About This Site

Page contents:


The Problem

It’s no secret that the cost of college has risen dramatically over the past ten years. At the same time, the job market has been very difficult for most people. The goal of our site is to provide information that will help prospective students find and complete degrees that might actually move their careers forward.

In a way, all the information they might need is already out there. It’s just spread out across a number of different locations: the federal government’s many web sites; the web sites of independent organizations like the College Board (check out their BigFuture site, by the way – it’s an incredible resource) or accrediting agencies; and the web sites of the colleges themselves.

If prospective students had infinite time on their hands, they’d be able to visit all those sites and gather the data they’re looking for. But since infinite time is hard to come by, we believe that there’s a role for us to play.

Our Approach

Our mission is to bring together disparate bodies of data to produce a more holistic (but also focused) view of which colleges are likely to be the best value for the money. We end up with one number, an Affordability Score, with two main parts, a “Getting In” score and a “Getting Out” score.

We use these two measures because we think that most of the resources about college affordability focus too narrowly on the cost of getting to college. We think it’s just as important to look at what happens when you get out. Do students get out with degrees? Or do they drop out halfway through with a bunch of credits they still owe money for? And once they’ve gotten out, are they able to repay their student loans?

If you’re interested, you can read a more detailed explanation of our ranking methodology here.

A Short FAQ

Who runs this site?

CollegeAffordabilityGuide.org was launched in 2013 by Degree Prospects, a small team based in Washington, DC that has been publishing education-focused websites since 2008. The other websites we’ve created now serve millions of visitors every year. Most of them focus on post-secondary education. Curious about the people at Degree Prospects? Visit Degree Prospects on LinkedIn. If you have any questions for us, we’d be happy to answer them. Here’s how to get in touch:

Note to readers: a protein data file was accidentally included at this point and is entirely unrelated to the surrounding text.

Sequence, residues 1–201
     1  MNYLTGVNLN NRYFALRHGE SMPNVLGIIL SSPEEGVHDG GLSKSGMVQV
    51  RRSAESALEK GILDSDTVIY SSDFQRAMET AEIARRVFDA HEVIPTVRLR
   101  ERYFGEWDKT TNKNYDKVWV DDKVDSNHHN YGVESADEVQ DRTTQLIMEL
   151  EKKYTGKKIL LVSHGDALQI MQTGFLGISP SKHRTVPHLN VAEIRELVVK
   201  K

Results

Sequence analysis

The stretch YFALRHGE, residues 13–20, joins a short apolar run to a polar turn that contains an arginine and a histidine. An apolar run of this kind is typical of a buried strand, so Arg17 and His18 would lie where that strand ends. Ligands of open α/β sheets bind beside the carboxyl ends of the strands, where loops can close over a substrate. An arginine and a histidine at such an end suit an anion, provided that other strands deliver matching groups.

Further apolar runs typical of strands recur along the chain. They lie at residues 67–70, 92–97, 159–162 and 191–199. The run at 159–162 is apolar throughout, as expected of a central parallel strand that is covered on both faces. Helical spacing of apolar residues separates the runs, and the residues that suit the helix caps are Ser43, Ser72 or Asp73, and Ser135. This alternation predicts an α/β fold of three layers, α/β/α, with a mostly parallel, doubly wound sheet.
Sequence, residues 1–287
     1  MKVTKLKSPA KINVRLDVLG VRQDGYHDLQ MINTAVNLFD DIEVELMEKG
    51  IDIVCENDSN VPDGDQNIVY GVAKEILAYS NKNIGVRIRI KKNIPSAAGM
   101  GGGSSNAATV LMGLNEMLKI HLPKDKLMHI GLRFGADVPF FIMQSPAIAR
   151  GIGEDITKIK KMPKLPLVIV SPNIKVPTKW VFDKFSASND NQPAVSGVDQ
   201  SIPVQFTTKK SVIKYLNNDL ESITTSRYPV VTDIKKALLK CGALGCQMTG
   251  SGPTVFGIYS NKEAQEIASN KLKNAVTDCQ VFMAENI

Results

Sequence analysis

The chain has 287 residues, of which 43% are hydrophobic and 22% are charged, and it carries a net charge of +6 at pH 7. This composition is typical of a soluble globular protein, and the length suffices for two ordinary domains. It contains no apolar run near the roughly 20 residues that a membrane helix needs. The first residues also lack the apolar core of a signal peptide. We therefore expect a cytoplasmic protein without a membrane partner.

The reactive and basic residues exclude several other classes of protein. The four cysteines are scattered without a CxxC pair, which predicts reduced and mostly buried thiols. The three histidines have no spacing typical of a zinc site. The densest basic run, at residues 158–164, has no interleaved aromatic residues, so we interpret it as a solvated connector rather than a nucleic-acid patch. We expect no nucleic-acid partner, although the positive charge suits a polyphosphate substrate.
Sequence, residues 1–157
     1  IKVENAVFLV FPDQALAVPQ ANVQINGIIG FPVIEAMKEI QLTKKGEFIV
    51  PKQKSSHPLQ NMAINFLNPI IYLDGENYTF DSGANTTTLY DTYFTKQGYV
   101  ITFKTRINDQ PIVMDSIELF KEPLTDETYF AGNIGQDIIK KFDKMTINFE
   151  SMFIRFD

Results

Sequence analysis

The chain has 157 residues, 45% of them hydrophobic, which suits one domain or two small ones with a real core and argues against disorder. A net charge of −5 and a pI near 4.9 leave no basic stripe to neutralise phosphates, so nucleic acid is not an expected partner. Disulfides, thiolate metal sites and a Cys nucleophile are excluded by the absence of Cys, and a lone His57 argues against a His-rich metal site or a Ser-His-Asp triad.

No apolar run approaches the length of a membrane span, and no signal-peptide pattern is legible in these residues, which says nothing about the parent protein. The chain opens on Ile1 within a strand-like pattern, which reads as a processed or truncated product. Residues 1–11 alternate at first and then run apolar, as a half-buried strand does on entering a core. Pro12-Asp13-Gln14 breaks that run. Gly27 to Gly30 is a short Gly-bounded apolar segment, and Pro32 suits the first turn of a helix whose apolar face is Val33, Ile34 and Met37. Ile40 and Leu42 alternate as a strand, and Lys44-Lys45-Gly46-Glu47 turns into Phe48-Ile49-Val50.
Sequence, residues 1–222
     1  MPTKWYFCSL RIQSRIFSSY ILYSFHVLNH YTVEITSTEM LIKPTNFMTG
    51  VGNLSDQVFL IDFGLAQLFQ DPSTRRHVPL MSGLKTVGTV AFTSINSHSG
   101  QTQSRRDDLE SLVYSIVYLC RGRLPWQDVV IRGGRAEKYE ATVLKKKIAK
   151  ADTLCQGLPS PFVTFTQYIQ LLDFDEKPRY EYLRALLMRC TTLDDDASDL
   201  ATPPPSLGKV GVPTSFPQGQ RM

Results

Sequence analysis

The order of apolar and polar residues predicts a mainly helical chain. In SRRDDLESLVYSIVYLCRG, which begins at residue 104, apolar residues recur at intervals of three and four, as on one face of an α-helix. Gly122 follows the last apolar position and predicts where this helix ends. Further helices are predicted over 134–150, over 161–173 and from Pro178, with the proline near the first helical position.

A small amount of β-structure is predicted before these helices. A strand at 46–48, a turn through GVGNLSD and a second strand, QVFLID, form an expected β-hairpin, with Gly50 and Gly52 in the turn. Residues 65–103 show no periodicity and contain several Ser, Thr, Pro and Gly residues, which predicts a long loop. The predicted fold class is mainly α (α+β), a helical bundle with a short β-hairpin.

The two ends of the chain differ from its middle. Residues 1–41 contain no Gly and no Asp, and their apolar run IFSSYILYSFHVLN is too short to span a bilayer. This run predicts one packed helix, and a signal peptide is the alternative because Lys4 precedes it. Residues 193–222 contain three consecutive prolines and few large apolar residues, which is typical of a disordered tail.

Degree Prospects
1133 15th Street NW, 12th Floor
Washington, DC 20005

[email protected]
(617) 440-5899

For additional information, you can also consult our Privacy Policy and Terms of Use.

How do you make money?

Companies like ours that publish informational websites about college-related topics, unless they’re non-profits (i.e. registered 501(c)(3) entities), typically make money from university advertisers. We’re no exception. This site is currently supported by advertising revenues from other websites we run.

So you’re a business? Doesn’t that make you biased?

Absolutely not. Even the big nonprofits have to have a revenue model. Take the College Board, for example. As we said above, their BigFuture website is one of the best, most information-rich sites out there. If we didn’t already have degrees, we’d probably use it ourselves. But the writers, editors, and designers who made it that way have to be paid, and the College Board has the money to pay them because it sells lots of standardized tests (more on that here). Moreover, we only attract advertisers if the content we produce is compelling (and objective) enough to attract web visitors. In the articles and rankings we produce here, we’re not shilling for any specific college, or group of colleges. No colleges have paid us to be included, and that will never be an option.

I don’t see [insert brand name school] anywhere. Why not? They’re #1 for everything in the US News & World Report rankings.

The main reason a lot of name brand schools aren’t on these lists is that they’re not (compared to the schools that did make it) cost-effective for the lowest-income families. There are plenty of exceptions, though.

How do you keep your data updated?

There are different release cycles for different kinds of federal data (see this, for example). We update the major data sets annually, but in between, we’re constantly monitoring the links on our site to detect things like university name changes and closures. Tip: if you want to see how up-to-date a college directory website is, check for some of the more recent name changes on a list like this.

How come some of the states you list don’t have ANY schools ranked?

We’re just the messenger. We set some pretty specific criteria in our methodology, and we let the chips fall where they may. That said, we plan on continually evaluating our algorithm and tweaking it as we see necessary, so the rankings may evolve over time.